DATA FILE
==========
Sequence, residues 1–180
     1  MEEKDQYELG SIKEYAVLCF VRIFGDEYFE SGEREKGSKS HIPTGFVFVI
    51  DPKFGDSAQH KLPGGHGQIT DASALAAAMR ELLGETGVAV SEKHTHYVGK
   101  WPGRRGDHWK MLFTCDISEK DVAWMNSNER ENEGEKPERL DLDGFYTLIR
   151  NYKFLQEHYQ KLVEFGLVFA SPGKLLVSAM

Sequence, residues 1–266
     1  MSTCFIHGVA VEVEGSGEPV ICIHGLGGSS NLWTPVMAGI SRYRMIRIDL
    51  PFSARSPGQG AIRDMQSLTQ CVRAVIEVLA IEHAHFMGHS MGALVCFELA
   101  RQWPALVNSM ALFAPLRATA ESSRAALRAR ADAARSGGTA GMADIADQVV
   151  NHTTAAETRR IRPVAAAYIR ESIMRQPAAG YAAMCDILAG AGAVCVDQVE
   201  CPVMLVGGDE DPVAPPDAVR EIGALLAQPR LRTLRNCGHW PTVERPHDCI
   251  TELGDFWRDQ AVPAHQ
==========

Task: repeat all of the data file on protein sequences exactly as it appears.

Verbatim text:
Sequence, residues 1–180
     1  MEEKDQYELG SIKEYAVLCF VRIFGDEYFE SGEREKGSKS HIPTGFVFVI
    51  DPKFGDSAQH KLPGGHGQIT DASALAAAMR ELLGETGVAV SEKHTHYVGK
   101  WPGRRGDHWK MLFTCDISEK DVAWMNSNER ENEGEKPERL DLDGFYTLIR
   151  NYKFLQEHYQ KLVEFGLVFA SPGKLLVSAM

Sequence, residues 1–266
     1  MSTCFIHGVA VEVEGSGEPV ICIHGLGGSS NLWTPVMAGI SRYRMIRIDL
    51  PFSARSPGQG AIRDMQSLTQ CVRAVIEVLA IEHAHFMGHS MGALVCFELA
   101  RQWPALVNSM ALFAPLRATA ESSRAALRAR ADAARSGGTA GMADIADQVV
   151  NHTTAAETRR IRPVAAAYIR ESIMRQPAAG YAAMCDILAG AGAVCVDQVE
   201  CPVMLVGGDE DPVAPPDAVR EIGALLAQPR LRTLRNCGHW PTVERPHDCI
   251  TELGDFWRDQ AVPAHQ